“I suspect that there is going to be, in most markets, a period of reflection as things (hopefully) get back to something like normal,” he said. “The market has been so unusual over the last 18-24 months and it has varied so much between different locations.”
Stevenson points out that flippers rely on building materials and laborers – though obviously not to the same extent as new-home builders – as well as the money needed for the initial purchase and necessary rehab work. That means they will feel the impact of ongoing supply-chain disruptions, labor shortages and indications that mortgage rates could be increasing.
Since flips represent such a small percentage of total home sales, observers say the practice’s impact on local markets is mostly negligible. Sattlemeyer is a fan and believes that, if executed correctly by both the seller and the buyer, flipping and similar property-investment strategies are a win-win and fill the price niche between new and existing homes.
“Everybody benefits from this when it’s done right, which, from my experience, is the vast majority of the time,” he said. “You're taking homes that sometimes aren't even livable anymore and making them not only livable, but sometimes making them essentially maintenance free.”
“They're often getting everything brand new, so you've taken an old home, sometimes taken it down to the bone, and effectively changed the age to where it’s almost like new construction.”
According to an official with the National Association of Realtors, that work benefits more than the buyer, who often is getting a house with new-home features but less than new-home prices.
“Flipping helps relieve the housing shortage somewhat in the case where the home is vacant/unused because it is in such bad condition,” Gay Cororaton, a senior economist and researcher for the National Association of Realtors, told the GFBJ. “Once the home is renovated and made habitable, it adds to the housing supply.“
Longleaf Pines REALTORS President Amanda Smith, a broker with Townsend Real Estate and current president of Longleaf Pine REALTORS, says house flippers are being squeezed by current market conditions.
“We haven't seen as many flipped homes for this reason,” Smith said. “Inventory remains low nationwide, which makes it difficult for investors to find homes to flip.”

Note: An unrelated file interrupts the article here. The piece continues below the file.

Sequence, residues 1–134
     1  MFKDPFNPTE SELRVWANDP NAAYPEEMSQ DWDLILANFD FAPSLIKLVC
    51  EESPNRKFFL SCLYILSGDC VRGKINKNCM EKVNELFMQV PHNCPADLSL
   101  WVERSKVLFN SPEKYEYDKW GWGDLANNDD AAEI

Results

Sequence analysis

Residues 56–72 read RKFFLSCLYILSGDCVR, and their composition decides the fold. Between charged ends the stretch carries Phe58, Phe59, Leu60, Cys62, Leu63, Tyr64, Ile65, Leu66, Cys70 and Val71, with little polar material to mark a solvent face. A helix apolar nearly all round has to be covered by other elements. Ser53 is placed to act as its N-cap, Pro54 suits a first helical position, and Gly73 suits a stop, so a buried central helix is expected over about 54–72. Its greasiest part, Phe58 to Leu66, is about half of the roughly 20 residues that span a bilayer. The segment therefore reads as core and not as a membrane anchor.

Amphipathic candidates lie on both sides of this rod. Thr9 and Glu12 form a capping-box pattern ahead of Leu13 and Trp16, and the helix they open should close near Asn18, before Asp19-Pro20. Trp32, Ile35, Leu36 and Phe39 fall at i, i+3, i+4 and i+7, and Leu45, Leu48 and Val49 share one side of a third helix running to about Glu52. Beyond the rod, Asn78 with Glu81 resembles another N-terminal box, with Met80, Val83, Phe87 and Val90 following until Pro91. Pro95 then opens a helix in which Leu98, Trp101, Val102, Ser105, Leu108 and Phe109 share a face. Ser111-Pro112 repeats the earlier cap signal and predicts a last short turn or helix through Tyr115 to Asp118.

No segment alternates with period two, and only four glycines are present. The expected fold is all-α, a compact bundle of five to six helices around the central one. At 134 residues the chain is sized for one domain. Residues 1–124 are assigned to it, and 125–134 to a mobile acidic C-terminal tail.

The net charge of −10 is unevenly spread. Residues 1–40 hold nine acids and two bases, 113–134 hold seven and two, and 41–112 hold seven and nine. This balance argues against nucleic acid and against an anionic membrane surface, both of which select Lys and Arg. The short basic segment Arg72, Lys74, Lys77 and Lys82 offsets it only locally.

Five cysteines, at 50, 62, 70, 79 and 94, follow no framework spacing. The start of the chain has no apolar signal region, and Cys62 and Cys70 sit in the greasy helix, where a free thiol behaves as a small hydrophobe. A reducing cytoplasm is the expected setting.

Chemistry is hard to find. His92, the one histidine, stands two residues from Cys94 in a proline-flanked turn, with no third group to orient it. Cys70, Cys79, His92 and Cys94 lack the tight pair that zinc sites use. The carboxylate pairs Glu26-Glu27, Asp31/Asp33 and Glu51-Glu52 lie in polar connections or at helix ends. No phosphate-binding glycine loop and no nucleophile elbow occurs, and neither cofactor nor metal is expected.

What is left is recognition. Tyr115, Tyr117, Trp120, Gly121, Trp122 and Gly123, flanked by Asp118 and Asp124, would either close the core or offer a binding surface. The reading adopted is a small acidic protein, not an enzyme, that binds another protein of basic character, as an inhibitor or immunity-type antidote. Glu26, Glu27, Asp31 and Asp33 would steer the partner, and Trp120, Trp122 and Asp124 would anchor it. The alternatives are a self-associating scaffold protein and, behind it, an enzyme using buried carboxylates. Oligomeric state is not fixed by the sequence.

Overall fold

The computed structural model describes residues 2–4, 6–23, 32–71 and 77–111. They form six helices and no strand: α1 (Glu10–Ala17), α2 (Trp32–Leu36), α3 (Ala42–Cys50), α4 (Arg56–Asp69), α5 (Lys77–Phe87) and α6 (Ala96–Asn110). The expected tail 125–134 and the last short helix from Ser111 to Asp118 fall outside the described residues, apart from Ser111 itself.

“When they do find a home, they're paying more for it than in previous years,” she added. “That can be problematic since they need the numbers to work … to turn a profit.
Stevenson tends to agree with those takes, but cautions against potential negative impacts, such as gentrification.
“What if locals are priced out of a market? Who will live there? Who will buy the properties from the flippers?”
The danger, he said, is that you change the nature of a market from one with predominantly owner-occupiers to one dominated by investors and with more temporary residents.
“It can totally change the nature and character of a neighborhood. This is where you often get the political fallout,” Stevenson said. “While voters often want politicians to do something about run-down areas, the danger is that if the initiatives are too successful then those same voters may blame the same politicians for the outcomes.”
At the same time, Stevenson doesn’t expect the overall housing shortage that exists in many places to go away, which should continue to shape the market. And while he doesn’t expect the market to stay as hot as it’s been the past two years, he is predicting “medium heat.”
As for the outlook for flipping and other property-investment strategies, Stevenson said that tends to be linked very closely to local market conditions as well as the specific market.
“The impact (of flipping) varies a huge amount over time and in specific locations. Sometimes it can dominate a particular neighborhood,” he said.
The age of the properties in a neighborhood are key, Stevenson said.
“Newer suburbs don't tend to see flips play any significant role.”